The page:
#AceNewsReport – Apr.25: Fire crews have spent a second day tackling the blaze which has engulfed a large area in County Down from Bloody Bridge, across Thomas Mountain and the base of Slieve Donard, Northern Ireland’s highest mountain:
Major incident declared as wildfire ravages Mourne Mountains in Northern Ireland AS Firefighters are struggling to tackle the blaze in the difficult mountainous terrain
A major incident has been declared in Northern Ireland as firefighters tackle blaze in the Mourne Moutains. (Photo:@DeeJayDready/PA Wire) INEWS
The public have been warned to stay away from an area normally popular with visitors.
i’s guide to helping the planet in your everyday life
The fire started in the Slieve Donard area, not far from filming locations used in the fantasy series Game of Thrones, in the early hours of Friday morning.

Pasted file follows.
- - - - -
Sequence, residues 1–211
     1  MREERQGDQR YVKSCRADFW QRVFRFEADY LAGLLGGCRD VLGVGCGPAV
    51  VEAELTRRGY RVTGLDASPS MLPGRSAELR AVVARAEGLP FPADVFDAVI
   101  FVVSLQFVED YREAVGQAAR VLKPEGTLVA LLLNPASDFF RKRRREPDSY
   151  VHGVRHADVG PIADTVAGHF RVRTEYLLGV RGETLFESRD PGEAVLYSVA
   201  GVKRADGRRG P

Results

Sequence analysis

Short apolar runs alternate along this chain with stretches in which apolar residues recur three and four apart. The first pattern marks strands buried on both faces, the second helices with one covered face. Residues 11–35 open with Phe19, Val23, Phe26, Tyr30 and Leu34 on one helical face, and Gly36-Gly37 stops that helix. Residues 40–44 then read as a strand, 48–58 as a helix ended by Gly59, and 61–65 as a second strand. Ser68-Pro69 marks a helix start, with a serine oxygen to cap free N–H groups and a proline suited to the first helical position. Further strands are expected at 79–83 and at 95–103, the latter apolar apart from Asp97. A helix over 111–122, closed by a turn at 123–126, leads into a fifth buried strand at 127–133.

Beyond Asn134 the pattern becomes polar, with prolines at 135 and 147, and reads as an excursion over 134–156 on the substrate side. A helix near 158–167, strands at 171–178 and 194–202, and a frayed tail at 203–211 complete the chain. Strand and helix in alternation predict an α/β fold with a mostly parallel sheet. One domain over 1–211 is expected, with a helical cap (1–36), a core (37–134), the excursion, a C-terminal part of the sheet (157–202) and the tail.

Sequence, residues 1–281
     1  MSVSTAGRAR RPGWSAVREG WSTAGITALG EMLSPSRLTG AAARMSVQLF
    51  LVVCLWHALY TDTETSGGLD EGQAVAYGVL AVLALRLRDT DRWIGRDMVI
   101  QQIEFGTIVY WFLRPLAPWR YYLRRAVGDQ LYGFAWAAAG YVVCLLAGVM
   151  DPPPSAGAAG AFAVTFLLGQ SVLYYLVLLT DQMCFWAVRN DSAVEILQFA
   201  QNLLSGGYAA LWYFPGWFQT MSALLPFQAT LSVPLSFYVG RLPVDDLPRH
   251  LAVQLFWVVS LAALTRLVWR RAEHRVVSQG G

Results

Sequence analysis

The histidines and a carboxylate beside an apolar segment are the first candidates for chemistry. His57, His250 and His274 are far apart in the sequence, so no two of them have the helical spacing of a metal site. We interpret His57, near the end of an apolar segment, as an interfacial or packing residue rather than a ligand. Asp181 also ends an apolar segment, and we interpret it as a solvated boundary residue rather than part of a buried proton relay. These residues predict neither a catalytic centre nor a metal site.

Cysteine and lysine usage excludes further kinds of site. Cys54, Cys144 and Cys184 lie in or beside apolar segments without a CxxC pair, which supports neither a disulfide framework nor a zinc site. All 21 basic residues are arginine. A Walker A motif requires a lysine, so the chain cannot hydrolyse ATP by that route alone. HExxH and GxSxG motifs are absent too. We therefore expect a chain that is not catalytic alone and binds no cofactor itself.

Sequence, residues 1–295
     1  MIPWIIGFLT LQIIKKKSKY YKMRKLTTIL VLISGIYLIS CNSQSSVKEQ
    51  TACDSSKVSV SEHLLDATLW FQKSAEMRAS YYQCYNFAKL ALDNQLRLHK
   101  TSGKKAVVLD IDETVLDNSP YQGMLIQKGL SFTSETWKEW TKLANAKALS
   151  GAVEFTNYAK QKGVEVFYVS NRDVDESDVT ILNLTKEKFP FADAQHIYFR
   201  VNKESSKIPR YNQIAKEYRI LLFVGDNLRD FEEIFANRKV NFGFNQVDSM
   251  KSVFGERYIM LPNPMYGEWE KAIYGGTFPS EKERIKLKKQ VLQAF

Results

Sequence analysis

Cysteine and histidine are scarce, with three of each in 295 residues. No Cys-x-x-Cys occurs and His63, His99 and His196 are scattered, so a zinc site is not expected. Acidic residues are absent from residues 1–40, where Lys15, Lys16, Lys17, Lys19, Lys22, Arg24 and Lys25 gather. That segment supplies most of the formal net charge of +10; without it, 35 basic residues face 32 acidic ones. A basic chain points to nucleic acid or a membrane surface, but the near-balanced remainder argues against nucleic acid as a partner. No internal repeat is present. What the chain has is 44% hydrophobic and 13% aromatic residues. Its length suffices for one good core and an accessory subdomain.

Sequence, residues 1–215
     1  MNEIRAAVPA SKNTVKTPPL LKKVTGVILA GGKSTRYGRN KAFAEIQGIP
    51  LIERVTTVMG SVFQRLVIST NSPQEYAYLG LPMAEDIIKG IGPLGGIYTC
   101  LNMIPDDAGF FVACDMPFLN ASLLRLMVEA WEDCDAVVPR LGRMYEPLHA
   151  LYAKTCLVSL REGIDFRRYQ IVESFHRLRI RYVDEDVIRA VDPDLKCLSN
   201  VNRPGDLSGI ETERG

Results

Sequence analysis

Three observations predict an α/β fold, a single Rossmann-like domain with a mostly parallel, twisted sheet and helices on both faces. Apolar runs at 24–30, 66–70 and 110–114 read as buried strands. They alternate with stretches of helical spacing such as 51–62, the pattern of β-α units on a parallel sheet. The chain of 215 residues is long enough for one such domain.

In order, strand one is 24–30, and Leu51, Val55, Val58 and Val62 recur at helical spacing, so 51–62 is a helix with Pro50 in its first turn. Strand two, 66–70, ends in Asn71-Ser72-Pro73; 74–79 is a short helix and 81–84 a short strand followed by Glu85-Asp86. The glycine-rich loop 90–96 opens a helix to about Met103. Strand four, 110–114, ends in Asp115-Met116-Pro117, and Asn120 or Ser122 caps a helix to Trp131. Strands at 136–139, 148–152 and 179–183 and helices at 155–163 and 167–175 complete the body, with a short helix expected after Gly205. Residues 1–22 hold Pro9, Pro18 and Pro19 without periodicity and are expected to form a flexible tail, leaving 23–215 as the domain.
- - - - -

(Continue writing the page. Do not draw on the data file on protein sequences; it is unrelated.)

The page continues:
However, difficult terrain is making it hard for the 70 firefighters and 10 fire appliances currently at the site to gain control of the blaze.
A major incident command centre has been established in Newcastle with helicopters brought in from England and Ireland to tackle the fire.
Aidan Jennings, Northern Ireland Fire and Rescue Service Assistant Fire Commander said: “This is undoubtedly one of the most challenging gorse fires firefighters have ever had to deal with.
“It’s really devastating to see an incident of this scale.
“Our Firefighters are working in intense conditions, in challenging terrain and I commend them for the valiant efforts to date.”
Dry weather has created “a tinderbox landscape” but wildfires such as this one are “predominantly caused by human behaviour”, said Mr Jennings.Smoke and flames rise from the wildfire in the Mourne Mountains. (Photo: Jason Cairnduff/Reuters)
Firefighters are having to travel for an hour-and-a-half up the mountain carrying equipment to get water to the scene of the blaze.
“We’re working with small pumps out of rivers but predominantly it is a physical, hard, beating out job up there”, said Mr Jennings, “We use Land Rovers to get crews up as far as we can, but then it’s out on foot, walking up with all of that equipment.”